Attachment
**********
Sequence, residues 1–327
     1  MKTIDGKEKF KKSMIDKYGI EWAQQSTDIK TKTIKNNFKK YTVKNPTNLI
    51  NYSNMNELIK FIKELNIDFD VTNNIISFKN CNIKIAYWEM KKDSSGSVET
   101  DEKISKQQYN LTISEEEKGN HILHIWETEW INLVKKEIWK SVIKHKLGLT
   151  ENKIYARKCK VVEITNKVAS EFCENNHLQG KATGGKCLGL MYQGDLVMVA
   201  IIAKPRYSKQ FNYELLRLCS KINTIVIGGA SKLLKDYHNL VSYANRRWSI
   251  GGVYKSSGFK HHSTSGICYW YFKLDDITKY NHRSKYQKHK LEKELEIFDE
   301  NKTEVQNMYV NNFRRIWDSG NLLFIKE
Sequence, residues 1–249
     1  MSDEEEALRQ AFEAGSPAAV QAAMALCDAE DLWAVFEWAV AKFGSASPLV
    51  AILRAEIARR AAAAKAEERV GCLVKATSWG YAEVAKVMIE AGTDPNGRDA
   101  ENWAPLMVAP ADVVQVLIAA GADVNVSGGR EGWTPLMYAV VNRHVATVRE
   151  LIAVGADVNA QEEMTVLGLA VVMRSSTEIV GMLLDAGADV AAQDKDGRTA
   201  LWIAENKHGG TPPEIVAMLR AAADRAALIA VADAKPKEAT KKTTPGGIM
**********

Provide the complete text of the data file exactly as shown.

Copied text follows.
Sequence, residues 1–327
     1  MKTIDGKEKF KKSMIDKYGI EWAQQSTDIK TKTIKNNFKK YTVKNPTNLI
    51  NYSNMNELIK FIKELNIDFD VTNNIISFKN CNIKIAYWEM KKDSSGSVET
   101  DEKISKQQYN LTISEEEKGN HILHIWETEW INLVKKEIWK SVIKHKLGLT
   151  ENKIYARKCK VVEITNKVAS EFCENNHLQG KATGGKCLGL MYQGDLVMVA
   201  IIAKPRYSKQ FNYELLRLCS KINTIVIGGA SKLLKDYHNL VSYANRRWSI
   251  GGVYKSSGFK HHSTSGICYW YFKLDDITKY NHRSKYQKHK LEKELEIFDE
   301  NKTEVQNMYV NNFRRIWDSG NLLFIKE
Sequence, residues 1–249
     1  MSDEEEALRQ AFEAGSPAAV QAAMALCDAE DLWAVFEWAV AKFGSASPLV
    51  AILRAEIARR AAAAKAEERV GCLVKATSWG YAEVAKVMIE AGTDPNGRDA
   101  ENWAPLMVAP ADVVQVLIAA GADVNVSGGR EGWTPLMYAV VNRHVATVRE
   151  LIAVGADVNA QEEMTVLGLA VVMRSSTEIV GMLLDAGADV AAQDKDGRTA
   201  LWIAENKHGG TPPEIVAMLR AAADRAALIA VADAKPKEAT KKTTPGGIM